# Measuring Total Dissolved Solids

The conductance of an aqueous solution is a measure of its Total Dissolved Solids.

### Conductance ranges

Using a cell constant of K = 0.0922 cm-1, we expect the following values of conductance and conductivity for some common substances:

Solution Conductivity
(µS/cm)
Conductance Resistance
Pure deionized water 0.055 0.6 µS 1.67 MΩ
Distilled water 0.5 5.4 µS 184 KΩ
Power plant boiler water 1 10.9 µS 92 kΩ
Soft city tap water 50
(range: 5-100)
543 µS 1.84 kΩ
Hard city tap water 500
(range: 100-700)
5.43 mS 184 Ω
Blood 6700 0.073 S 13.7 Ω
Ocean water 53,000 0.575 S 1.74 Ω
31% HNO3 865,000 9.39 S 0.1 Ω

Conductivity standard solutions range from 1µS to 200 mS in value. The conductivities of some common substances are as follows:

Conductivity values at 25°C
Concentration Conductivity, µS/cm
wt-% ppm
(mg/L)
NaCl NaOH HCl Acetic acid
0.0001 1 2.2 6.2 11.7 4.2
0.001 10 21.4 61.1 116 15.5
0.01 100 210 603 1140 63
0.1 1000 1990 5820 11,100 209
1.0 10,000 17,600 53,200 103,000 640
10.0 140,000 358,000 709,000 1530

### Measuring total dissolved solids (TDS)

A common use for conductivity sensors is to measure the concentration of total dissolved solids (TDS) in water samples. Usually there's a roughly linear relationship between conductivity and the concentration of ions in a solution, at least until very great ion concentrations are attained. In particular, for salts, an average of 2 μS/cm is produced for each ppm (by weight, or mg/L) of dissolved solids. Most acids and bases are much more conductive than their salts because of the vastly greater mobilities of the H+ and OH- ions.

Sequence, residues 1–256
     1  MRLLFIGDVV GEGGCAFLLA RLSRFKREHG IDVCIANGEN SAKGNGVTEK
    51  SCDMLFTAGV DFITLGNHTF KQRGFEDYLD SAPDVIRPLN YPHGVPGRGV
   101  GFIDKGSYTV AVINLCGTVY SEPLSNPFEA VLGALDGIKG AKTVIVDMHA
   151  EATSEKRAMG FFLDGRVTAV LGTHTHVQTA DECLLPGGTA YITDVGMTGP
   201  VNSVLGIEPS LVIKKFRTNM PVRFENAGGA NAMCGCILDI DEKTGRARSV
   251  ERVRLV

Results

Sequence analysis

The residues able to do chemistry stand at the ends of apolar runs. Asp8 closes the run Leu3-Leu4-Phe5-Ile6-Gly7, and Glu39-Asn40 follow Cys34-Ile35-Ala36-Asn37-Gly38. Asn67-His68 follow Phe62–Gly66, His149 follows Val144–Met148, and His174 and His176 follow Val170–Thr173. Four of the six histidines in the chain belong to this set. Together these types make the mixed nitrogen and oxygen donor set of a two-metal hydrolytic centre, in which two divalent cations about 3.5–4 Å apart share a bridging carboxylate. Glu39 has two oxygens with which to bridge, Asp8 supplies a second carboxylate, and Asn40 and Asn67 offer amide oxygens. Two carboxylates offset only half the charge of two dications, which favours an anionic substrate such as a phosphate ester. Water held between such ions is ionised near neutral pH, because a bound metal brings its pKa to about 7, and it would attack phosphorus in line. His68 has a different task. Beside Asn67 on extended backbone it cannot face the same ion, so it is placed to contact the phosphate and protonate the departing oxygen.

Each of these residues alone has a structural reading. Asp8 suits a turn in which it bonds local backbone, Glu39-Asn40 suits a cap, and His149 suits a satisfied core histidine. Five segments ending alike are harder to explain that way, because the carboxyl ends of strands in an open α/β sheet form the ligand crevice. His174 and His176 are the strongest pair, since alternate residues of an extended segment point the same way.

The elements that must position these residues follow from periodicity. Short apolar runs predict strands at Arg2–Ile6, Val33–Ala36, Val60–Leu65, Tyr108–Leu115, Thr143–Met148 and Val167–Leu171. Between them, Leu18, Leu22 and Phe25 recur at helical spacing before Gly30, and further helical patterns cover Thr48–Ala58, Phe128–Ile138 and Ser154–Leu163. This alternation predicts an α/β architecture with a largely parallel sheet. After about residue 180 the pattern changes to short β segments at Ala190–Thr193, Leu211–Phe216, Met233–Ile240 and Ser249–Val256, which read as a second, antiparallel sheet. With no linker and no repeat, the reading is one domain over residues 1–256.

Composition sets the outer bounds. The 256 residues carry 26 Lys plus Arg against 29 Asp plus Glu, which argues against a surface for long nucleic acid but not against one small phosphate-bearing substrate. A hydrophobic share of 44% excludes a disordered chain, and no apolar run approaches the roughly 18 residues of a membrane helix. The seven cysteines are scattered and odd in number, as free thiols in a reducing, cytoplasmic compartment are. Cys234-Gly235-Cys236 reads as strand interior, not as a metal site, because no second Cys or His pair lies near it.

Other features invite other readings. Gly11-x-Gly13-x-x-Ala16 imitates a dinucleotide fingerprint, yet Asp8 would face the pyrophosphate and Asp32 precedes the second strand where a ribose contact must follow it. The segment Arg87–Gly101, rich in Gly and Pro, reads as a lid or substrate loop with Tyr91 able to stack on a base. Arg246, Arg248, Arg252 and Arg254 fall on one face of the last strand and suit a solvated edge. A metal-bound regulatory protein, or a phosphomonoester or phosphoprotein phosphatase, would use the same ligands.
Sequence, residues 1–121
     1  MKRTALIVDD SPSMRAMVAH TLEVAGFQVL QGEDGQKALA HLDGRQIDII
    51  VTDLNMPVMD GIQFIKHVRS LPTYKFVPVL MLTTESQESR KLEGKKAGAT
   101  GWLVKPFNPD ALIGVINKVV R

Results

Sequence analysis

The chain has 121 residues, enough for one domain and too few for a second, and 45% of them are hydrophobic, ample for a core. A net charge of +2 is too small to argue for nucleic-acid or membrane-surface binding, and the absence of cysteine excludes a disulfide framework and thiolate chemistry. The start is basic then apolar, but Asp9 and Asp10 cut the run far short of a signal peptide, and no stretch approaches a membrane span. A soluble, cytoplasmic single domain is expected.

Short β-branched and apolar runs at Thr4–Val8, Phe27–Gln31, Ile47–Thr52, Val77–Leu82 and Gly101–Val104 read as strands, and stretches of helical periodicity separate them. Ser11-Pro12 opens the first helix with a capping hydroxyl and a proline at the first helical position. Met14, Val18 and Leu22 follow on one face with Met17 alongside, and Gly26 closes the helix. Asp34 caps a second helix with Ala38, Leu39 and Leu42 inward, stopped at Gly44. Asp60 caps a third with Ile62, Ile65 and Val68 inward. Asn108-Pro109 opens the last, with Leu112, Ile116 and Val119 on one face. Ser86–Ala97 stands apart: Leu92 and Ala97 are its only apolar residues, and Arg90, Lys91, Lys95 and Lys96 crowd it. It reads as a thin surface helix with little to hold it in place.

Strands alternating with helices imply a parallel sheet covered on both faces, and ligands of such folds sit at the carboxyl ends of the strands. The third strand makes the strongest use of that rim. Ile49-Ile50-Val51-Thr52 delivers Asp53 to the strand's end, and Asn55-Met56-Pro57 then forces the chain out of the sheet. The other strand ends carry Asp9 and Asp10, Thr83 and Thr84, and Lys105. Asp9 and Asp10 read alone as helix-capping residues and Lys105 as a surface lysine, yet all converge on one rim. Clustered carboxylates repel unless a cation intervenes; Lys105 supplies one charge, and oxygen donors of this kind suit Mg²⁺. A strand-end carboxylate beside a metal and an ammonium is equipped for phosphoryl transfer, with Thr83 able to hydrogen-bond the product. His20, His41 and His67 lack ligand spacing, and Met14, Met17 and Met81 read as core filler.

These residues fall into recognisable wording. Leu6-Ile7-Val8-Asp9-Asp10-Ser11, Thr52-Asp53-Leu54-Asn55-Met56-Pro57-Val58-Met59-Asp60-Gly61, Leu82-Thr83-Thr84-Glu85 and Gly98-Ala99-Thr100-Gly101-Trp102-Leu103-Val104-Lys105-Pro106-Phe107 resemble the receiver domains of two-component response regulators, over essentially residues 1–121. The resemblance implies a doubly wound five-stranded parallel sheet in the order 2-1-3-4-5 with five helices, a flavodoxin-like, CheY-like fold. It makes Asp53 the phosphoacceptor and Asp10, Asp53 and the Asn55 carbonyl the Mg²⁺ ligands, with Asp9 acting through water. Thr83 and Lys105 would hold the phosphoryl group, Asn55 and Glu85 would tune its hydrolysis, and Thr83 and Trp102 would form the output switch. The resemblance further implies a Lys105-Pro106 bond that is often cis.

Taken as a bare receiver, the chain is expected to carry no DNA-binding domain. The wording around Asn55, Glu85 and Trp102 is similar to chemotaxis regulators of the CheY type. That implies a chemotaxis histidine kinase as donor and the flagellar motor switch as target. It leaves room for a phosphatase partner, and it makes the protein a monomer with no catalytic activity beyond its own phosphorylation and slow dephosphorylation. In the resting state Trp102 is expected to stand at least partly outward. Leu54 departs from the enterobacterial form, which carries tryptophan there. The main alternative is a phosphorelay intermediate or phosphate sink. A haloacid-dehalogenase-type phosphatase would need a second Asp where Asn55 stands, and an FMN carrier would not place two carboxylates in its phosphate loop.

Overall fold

Because the proportionality constant varies with the type of ion, TDS should be computed from the conductivity with the solution composition in mind. Pre-formulated ppm TDS standard calibrated solutions are available to match the solutions you are analyzing. Calibrated solutions are formulated with calcium carbonate (CaCO3), sodium chloride (NaCl), potassium chloride (KCl), or the 442 (40% sodium sulfate, 40% sodium bicarbonate, and 20% sodium chloride) natural water formulation. If your analyte's major dissolved solids components are similar to these, you can choose the formulation that best matches your solution. Generally, CaCO3 is used for boiler waters, NaCl is used for brines, and the 442 formulation is used for lakes, streams, wells, and boilers.

### Temperature compensation

Conductivity depends on both ion concentration and ion mobility. A mobility generally increases with temperature, conductivity measurements are temperature dependent, increasing about 2% for each °C increase in temperature. The degree to which temperature affects conductivity depends on the types of ions involved. The conductivity can be temperature compensated with an equation of the following form:

σ(T) = σ(To) ( 1 + α (T - To))

where,

σ(T) is the solution conductivity at any temperature T;
σ(To) is the solution conductivity at a reference temperature To, usually 25°C; and,
α is the temperature coefficient in °C-1.

Common alphas (α) are listed in the table below.

Temperature coefficients of various electrolytes at 25°C
Substance Concentration
wt%
Conductivity
mS/cm
Temperature coefficient, α
%/°C
Ultrapure deionized water 0.000055 5.5
Fresh or tap water 0.005-0.1 ∼2.0
NaOH 5 2.01
HF 1.5 7.20
HCl 5 395 1.58
10 630 1.56
20 762 1.54
30 1.52
HNO3 6.2 312 1.47
12.4 542 1.42
31 782 1.39
H2SO4 5 209 1.21
10 392 1.28
20 653 1.45
50 1.93
CH3COOH 10 1.53 1.69
15 1.62 1.74
20 1.61 1.79
KCl 5 69 2.01
10 136 1.88
15 202 1.79
20 1.68
NaCl 5 67 2.17
10 121 2.14
15 164 2.12

Because dissolved solids are usually dominated by sodium chloride, a value of `α=2%/°C` is often used.